In the course of forming an opinion of the merits of SALT II, I have been impressed by the damage to its case resulting from a fallacious assumption. It is that parity in strategic forces can be achieved through rough equivalence of numbers of strategic weapons, or, more accurately, strategic launchers. If it can be shown that this assumption is incorrect and that equality in numbers does not assure "equivalent overall military capabilities" -- a requirement set by the administration for an acceptable arms-control agreement -- the case for SALT is in serious trouble.

A mere count of strategic weapons is wholly inadequate to measure the relative effectivenss of opposing forces. The only military capability possessed by such weapons is the ability to destroy hostile target on order, and hence, the only meaningful measure of their value is their target destruction potential. The latter derives not only from numbers of weapons but also from such things as the accuracy, reliability and throwweight of weapons, their survivability under attack and the number and nature of the targets they must destroy.

Analytic studies of the relative losses that would be suffered by U.S. and Soviet forces in a major strategic exchange usually indicate that the U.S. side would be at a serious disadvantage. This is because we must assume that a nuclear exchange would be initiated by a Soviet first strike, probably directed at our exposed ICBMs. In this case, we would have to expect to lose a large part of these weapons, perhaps up to 80 percent or more at the height of the Soviet destructive capabilities in the 1980s. Moreover, if we wished to retaliate against their unfired ICBMs, we would be uncertain which missiles had been launched and which remained in silos ready for a second salvo. To do maximum damage to the remainder, we would have to fire upon all known silos and, in so doing, waste many American weapons on empty holes.

Similarly, if our retaliation extended to urban-industrial targets, we would need to expend many more weapons than the Soviets to achieve equivalent damage on similar targets. This is because the larger number and greater dispersion of such targets in the Soviet Union and the better protection afforded them by Soviet air and civil defense measures.

Thus, it is clear that U.S. forces, to match Soviet destructive capabilities, would need a considerable superiority in numbers of weapons to compensate for these disadvantages. Since SALT II obviously contains no such compensations, it cannot rightfull claim to establish essential equivalence in the preeminent measure of strategic power: target destruction potential. Accordingly, parity based on numbers alone is revealed as a dangerous fallacy, one which entails serious consequences.

Since the treaty purports to establish parity in military capabilities yet does not, its ratification would mislead our country and its allies as to the true balance of forces resulting from it -- a misapprehension unlikely to be shared by Soviet leaders, who are openly delighted with its text in the present form.

Further, ratification would validate and perpetuate the numbers fallacy for all future arms control treaties since we would find it hard to reject at a later date or to persuade the Soviets to abandon a standard that they must perceive as advantageous.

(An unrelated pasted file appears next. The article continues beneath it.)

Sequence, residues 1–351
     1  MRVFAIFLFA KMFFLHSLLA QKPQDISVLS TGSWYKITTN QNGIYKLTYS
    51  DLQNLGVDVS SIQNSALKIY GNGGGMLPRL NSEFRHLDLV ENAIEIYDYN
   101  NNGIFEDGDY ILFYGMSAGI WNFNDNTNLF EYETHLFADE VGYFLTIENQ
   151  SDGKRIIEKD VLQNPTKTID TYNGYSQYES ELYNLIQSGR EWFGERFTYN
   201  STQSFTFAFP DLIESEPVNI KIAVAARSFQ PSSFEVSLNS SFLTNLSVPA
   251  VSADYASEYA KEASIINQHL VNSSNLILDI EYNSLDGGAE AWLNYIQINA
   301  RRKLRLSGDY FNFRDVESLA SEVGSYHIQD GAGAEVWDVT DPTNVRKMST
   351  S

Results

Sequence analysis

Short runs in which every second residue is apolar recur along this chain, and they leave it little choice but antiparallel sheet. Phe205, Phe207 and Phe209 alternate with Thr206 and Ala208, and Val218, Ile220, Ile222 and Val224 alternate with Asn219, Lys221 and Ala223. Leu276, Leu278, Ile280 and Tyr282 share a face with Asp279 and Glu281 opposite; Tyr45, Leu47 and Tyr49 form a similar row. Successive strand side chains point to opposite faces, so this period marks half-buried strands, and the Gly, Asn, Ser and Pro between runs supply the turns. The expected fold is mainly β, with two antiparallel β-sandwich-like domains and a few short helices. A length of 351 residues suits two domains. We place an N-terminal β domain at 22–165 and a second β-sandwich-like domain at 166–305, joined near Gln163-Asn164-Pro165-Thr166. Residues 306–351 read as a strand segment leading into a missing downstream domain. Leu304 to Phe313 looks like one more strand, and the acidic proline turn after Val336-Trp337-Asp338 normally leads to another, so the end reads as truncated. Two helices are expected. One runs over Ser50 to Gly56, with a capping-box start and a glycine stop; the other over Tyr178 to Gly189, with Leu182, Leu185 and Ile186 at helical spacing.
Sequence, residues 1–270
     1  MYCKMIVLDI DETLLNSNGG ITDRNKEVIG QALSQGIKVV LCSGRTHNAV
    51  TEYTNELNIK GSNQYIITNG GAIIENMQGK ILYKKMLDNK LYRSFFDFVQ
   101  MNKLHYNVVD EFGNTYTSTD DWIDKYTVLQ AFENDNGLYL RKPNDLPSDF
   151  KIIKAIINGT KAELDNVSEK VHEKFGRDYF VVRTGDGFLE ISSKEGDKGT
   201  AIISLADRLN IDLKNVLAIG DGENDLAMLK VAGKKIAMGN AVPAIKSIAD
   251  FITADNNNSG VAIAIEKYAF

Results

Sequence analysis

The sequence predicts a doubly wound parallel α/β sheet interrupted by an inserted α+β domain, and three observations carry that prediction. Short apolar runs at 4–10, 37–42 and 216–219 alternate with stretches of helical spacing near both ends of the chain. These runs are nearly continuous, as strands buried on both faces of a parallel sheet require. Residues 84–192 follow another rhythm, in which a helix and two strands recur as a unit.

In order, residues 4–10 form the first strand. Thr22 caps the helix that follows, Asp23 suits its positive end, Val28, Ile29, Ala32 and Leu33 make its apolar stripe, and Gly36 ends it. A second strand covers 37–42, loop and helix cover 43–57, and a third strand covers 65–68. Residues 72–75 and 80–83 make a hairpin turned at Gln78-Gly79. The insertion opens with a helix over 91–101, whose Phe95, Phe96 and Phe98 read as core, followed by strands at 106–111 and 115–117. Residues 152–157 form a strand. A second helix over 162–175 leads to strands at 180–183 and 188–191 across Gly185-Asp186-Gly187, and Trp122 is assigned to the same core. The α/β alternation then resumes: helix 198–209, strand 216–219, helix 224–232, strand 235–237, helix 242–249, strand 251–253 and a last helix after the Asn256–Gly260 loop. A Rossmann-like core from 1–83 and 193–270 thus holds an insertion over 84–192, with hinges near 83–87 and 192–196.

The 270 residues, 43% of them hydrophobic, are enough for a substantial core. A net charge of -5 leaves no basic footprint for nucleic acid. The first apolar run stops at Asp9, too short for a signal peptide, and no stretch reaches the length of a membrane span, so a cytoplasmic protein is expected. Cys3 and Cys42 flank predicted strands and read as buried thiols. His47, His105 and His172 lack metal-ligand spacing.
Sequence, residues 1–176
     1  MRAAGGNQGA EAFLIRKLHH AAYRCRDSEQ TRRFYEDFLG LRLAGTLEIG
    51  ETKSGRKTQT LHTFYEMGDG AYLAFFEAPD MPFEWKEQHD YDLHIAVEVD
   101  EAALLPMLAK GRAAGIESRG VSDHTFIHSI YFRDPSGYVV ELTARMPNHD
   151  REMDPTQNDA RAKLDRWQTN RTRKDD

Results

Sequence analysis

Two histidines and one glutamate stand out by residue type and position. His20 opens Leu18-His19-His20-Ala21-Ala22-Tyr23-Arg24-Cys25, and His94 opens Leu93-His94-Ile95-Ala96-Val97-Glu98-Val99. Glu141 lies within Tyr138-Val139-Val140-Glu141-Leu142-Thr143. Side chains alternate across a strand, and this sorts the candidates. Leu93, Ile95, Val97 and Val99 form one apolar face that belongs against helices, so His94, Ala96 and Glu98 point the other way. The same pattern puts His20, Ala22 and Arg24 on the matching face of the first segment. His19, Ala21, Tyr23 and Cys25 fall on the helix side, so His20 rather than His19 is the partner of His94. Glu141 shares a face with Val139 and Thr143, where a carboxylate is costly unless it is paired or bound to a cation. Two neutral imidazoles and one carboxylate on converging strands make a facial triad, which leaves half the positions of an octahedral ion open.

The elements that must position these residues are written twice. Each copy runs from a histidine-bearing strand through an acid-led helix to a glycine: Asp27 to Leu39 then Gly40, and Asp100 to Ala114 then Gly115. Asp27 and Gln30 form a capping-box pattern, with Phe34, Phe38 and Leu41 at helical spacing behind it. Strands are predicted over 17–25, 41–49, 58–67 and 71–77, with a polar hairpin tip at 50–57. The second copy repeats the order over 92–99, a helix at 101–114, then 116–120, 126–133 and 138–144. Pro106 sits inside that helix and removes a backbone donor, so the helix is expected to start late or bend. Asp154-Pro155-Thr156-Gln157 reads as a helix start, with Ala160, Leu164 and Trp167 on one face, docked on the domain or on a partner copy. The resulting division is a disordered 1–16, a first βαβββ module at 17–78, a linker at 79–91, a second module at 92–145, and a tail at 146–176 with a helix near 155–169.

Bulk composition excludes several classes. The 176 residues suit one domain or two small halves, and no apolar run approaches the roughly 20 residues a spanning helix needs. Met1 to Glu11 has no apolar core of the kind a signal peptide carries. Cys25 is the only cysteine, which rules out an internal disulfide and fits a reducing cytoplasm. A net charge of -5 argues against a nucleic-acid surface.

Finally, since our government following ratification would be expected henceforth to follow a military policy consistent with the treaty, in logic our strategic programs would be designed to catch up and keep up with our Soviet rivals in the strategic field in every way permitted by its terms. We could expect such programs to include not only an MX missile to match the best of the Soviet ICBMs but also probably a new bomber to offset the Backfire along with plans for expanded air and civil defense. All this would cost a great deal of money that, in times of economic stringency like the present, would be raised largely at the expense of our under-strength non-nuclear forces. The result could be a serious imbalance of force structure to the detriment of highly important tasks involving the support of allies, the protection of sea lanes and the assurance of access and undisturbed trade with essential overseas sources of oil and other important raw materials.

Such are a few of the possible consequences of the numbers fallacy. As long as it is the accepted formula for determining military needs in the strategic field, we shall be condemned to a mindless numbers race whether or not SALT is ratified. Only if we insist on basing our weapons requirements on the need to perform tasks of unchallenged importance to our security -- in most cases the destruction of certain designated target systems -- can we know with reasonable certainty what and how many weapons we really need either for deterrence or for retaliation. As an added plus, a strategic policy so conceived would not depend on numbers decisions made in Moscow.

Does the numbers fallacy with its consequences constitute a fatal weakness for SALT, one justifying its rejection? Probably not, if the administration can translate the numbers of weapons permitted by the treaty into terms of destruction potential and then produce convincing evidence of the adequacy of the latter against all majro Soviet target systems under all likely conditions. I suspect that the adequacy probably exists, but the Senate and the public are surely entitled to the evidence.